Primary ciliary dyskinesia

Primary ciliary dyskinesia (PCD) is a rare disease that affects tiny hair-like structures on the walls of airways, ears and sinuses called cilia. Cilia move in a sweeping motion to remove mucus and bacteria to help prevent infections.

In people with PCD, the cilia do not move normally which leads to frequent chest, ear and sinus infections from birth and if diagnosed late, can develop into permanent lung damage and hearing loss.

We’re a multidisciplinary group of over 20 clinicians and researchers investigating how lung disease progresses in children and adults, and seeking ways to improve diagnosis and treatment of PCD. Our team includes doctors, nurses, physiotherapists, diagnostic scientists, imaging experts, epidemiologists, geneticists, microbiologists and physiologists.   

Key investigator: Professor Jane Lucas

Key projects

Southampton is a national centre for PCD, and we are using this key role to underpin long-term studies of children and adults with PCD to enable better understanding of disease progression, and investigating ways to improve health. Our research includes basic science, translational studies, clinical trials, epidemiology and qualitative methods.

  • Chronic lung infection and persistence of bacterial biofilms are the main factors associated with deteriorating lung function in patients with PCD. We’re tackling this by researching approaches to prevent infection and disintegrate bacterial biofilms. For example we have shown that drugs that release nitrogen oxide (NO) improve antibiotic treatment of bacterial infections in PCD patients. We were the first group to describe the airway microbiome, identifying the bacteria typically found in the lungs of people with PCD.
  • There were no good outcome measures to assess disease progression in clinical practice or clinical care. We developed and validated instruments to monitor children and adults with PCD, by assessing their symptoms and quality of life (QOL-PCD). We are leading an international study to investigate the normal fluctuations in lung function over time and to better understand deterioration in lung function (PROVALF-PCD).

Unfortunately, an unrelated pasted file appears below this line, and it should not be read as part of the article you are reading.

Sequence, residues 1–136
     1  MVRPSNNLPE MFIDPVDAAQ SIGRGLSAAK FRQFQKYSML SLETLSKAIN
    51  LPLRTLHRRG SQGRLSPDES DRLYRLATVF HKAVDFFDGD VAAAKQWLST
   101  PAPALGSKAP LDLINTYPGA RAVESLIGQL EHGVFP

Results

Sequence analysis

• Because PCD is rare, international collaboration is essential to ensure sufficient patients for research. Southampton leads an international network of over 250 PCD researchers and clinicians, all seeking to improve the diagnosis and treatment of PCD (BEAT-PCD). We are investigating the long term course of PCD, including predictors of good clinical outcomes, contributing to international collaborations such as the iPCD cohort and European PCD Registry.
  • PCD is difficult to diagnose and there is no ‘gold-standard’ test. Our group led the European Respiratory Society Task Force to develop evidence based guidelines for diagnosis in 2016. We have led a number of studies to improve the diagnosis of PCD. For example we led a multicentre validation of high-speed video analysis to diagnose PCD; we have demonstrated the potential of radioaerosol mucociliary clearance to diagnose ‘difficult cases’; we have demonstrated that reanalysing cilia having cultured them in an incubator helps differentiate PCD from other causes of ciliary abnormalities.
  • Under-diagnosis of PCD is a major problem. We have demonstrated that late or missed diagnoses often occur because general physicians fail to recognise the symptoms of this rare disease. We have developed and validated a short questionnaire which can be used by physicians to know who to refer for testing (PICADAR). We have led a number of studies demonstrating the role of nasal nitric oxide analysers to identify patients who might have PCD.
  • We have demonstrated that poor nutrition is associated with worse lung function in patients with PCD. We are now considering ways to improve nutrition, and improve clinical outcomes.
  • In collaboration with other PCD groups we have identified the genes that cause PCD. We are now inviting patients to participate in the 100,000 Genome project, to identify new genes which may improve diagnosis and help develop new treatments. We are investigating the effect of genotype on patient outcomes.
  • We have developed a number of models of the PCD airway which we are using to investigate the effects of drug treatments, environmental pollutants, or bacterial and viral infections.
  • We are participating the first multicentre clinical trial for PCD, aiming to prevent respiratory exacerbations caused by infections (BESTCILIA). We are also participating in the first commercial study to investigate a treatment that might help patients with PCD (CLEAN-PCD).
  • UHS is one of 4 nationally commissioned PCD centres in England and we collaborate closely with our partner centres. We are collating clinical and management data on all children with PCD in England in order establish the present management of our cohort. We then plan to collect longitudinal data across the English PCD cohort in order to better understand factors that influence important clinical outcome measures such as lung function and frequency of respiratory exacerbations.